Vermont Garden Journal: Flowering Shrubs
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Clethra or summer sweet grows 4 to 6 feet tall and wide in full or part sun. In the spring it looks like it's dead because it leafs out later than most shrubs, However, by midsummer it sends up white, pink or red flower spikes with a sweet fragrance. It's a native plant, hardy to zone 4 and grows well in moist, acidic soils.
Buttonbush or (Cephalanthus) is another native to our region. It's hardy to zone 5 and I first encountered this summer bloomer on a canoe trip in the Lake Champlain islands. It grows 3 to 6 feet tall and wide and, like clethra, grows well in full sun or part shade and moist locations. The flowers are cool looking, white, 1-inch diameter globes that seem to float on the foliage. The plant can be short lived and may need some rejuvenation pruning to keep it growing and looking its best.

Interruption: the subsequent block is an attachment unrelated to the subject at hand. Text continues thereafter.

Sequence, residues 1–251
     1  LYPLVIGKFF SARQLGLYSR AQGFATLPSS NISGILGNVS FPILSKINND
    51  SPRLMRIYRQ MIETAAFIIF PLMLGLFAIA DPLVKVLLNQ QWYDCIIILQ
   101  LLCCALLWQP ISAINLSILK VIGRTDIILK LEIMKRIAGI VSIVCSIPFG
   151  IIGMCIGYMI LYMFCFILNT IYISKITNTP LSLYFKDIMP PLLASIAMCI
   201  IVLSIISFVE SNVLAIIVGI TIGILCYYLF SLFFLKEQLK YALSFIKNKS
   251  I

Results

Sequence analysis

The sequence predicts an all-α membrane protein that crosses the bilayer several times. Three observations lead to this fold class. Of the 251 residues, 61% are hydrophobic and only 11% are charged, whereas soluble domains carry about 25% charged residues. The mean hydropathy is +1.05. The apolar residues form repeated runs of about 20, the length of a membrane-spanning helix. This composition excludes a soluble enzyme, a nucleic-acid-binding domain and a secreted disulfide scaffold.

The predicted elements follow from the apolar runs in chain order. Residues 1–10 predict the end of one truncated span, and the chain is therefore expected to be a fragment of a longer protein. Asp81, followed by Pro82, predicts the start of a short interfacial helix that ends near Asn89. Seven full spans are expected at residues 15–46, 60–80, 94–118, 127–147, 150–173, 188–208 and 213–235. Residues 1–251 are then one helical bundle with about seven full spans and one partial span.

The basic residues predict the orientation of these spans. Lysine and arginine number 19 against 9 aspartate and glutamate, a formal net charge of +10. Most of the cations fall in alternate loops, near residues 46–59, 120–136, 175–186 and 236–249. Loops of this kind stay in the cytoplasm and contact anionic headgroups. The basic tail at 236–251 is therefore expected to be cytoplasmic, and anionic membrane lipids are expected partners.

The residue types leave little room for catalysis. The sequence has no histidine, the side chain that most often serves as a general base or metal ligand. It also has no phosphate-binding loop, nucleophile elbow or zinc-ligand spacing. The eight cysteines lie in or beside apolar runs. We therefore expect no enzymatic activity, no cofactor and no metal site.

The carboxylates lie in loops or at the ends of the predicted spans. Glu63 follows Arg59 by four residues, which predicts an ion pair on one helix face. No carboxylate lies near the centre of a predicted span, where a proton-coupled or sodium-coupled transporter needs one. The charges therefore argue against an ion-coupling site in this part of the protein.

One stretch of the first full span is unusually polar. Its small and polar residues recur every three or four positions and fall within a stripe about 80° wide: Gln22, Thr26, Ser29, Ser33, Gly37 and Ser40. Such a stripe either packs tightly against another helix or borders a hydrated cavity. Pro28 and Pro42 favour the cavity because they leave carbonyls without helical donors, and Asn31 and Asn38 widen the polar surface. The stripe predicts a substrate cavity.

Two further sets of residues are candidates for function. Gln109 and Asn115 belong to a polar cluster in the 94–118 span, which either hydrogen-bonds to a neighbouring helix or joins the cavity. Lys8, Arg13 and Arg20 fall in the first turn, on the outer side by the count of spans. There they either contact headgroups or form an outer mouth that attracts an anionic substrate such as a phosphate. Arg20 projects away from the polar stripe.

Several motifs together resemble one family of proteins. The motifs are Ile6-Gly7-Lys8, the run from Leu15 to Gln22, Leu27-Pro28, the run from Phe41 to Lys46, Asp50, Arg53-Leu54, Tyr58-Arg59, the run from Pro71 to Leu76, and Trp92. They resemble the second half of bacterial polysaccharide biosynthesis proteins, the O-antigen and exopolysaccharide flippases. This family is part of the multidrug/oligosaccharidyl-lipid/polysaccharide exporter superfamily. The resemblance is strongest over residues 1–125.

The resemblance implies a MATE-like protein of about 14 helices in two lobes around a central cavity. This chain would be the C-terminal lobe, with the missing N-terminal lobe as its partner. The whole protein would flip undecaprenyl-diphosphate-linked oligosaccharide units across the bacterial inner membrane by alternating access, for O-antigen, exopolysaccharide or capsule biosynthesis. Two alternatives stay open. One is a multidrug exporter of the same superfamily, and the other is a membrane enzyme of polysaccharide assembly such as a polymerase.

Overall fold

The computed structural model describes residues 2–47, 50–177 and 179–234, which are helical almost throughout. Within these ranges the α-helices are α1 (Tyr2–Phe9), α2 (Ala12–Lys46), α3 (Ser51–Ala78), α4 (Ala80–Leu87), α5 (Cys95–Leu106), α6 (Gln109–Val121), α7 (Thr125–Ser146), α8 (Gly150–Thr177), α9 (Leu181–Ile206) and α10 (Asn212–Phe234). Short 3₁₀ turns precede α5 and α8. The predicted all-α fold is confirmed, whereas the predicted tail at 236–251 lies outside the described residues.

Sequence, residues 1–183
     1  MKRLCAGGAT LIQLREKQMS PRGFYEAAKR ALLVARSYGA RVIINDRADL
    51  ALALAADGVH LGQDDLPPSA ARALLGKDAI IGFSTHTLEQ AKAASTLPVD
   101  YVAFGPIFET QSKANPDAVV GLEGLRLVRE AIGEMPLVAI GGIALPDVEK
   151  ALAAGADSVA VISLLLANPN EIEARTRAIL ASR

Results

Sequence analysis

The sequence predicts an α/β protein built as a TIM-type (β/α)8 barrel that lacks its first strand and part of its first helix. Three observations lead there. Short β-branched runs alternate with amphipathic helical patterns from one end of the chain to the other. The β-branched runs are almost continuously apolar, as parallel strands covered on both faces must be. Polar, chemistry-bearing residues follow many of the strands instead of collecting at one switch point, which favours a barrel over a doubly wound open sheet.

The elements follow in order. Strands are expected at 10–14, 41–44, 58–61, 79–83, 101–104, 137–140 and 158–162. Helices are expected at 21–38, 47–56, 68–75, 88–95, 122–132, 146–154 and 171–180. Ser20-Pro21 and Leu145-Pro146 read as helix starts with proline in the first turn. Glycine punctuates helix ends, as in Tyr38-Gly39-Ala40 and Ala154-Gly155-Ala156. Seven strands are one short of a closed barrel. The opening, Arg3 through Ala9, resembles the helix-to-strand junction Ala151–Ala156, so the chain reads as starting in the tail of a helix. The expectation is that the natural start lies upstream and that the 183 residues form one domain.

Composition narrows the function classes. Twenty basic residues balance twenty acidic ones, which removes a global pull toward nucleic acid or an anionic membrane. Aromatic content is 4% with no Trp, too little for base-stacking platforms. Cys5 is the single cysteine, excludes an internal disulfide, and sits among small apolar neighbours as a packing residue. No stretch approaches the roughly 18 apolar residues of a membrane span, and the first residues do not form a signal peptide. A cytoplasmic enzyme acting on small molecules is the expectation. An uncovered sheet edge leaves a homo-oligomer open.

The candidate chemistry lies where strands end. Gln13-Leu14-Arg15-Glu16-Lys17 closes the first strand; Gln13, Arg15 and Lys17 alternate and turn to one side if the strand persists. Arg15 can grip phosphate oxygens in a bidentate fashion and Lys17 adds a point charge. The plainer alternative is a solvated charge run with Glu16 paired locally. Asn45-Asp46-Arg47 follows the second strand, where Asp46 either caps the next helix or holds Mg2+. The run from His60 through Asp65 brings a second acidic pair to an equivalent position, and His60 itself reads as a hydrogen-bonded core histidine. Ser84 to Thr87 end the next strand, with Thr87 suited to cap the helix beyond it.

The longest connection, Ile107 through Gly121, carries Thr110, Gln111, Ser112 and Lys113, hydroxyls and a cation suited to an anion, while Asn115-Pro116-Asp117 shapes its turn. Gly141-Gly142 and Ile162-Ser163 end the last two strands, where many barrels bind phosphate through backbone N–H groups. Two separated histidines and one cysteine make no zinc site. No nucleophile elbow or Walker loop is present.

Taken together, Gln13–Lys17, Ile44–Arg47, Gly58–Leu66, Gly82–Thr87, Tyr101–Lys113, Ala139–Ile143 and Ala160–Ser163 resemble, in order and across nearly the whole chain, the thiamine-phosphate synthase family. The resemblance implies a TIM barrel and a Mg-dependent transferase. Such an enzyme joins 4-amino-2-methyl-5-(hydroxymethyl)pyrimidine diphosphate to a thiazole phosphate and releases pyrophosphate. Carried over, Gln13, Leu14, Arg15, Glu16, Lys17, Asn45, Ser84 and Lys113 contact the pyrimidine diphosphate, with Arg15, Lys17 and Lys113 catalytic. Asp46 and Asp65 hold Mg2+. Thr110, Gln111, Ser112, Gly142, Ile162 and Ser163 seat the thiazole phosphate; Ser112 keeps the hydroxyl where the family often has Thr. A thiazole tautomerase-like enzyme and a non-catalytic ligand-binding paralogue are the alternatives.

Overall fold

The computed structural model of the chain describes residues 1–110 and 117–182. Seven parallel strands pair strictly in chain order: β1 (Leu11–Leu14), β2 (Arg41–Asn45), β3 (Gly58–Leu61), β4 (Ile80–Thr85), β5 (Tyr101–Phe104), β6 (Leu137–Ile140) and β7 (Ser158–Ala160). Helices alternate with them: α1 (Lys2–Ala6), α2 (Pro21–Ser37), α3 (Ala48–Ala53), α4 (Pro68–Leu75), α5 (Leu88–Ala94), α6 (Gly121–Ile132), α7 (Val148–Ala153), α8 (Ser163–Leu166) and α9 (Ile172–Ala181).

Another summer bloomer is really more of a small tree. The seven sons tree or Heptacodium is an attractive, multi-stemmed tree that grows to 20 feet tall. It's called seven sons because the white flowers form in clusters of seven on the branches. It's hardy to zone 5. The summer blooming flowers are followed by showy reddish-purple fruits that make this, an attractive fall foliage tree as well. It doesn't tolerate drought, so plant it where the roots will stay consistently moist.
Now for this week's tip, water your veggies and flowers deeply to encourage deep rooting. This will make them less likely to wilt in the hot summer heat.
Next week on the Vermont Garden Journal, I'll be talking about planting a fall veggie garden. For now, I'll be seeing you in the garden!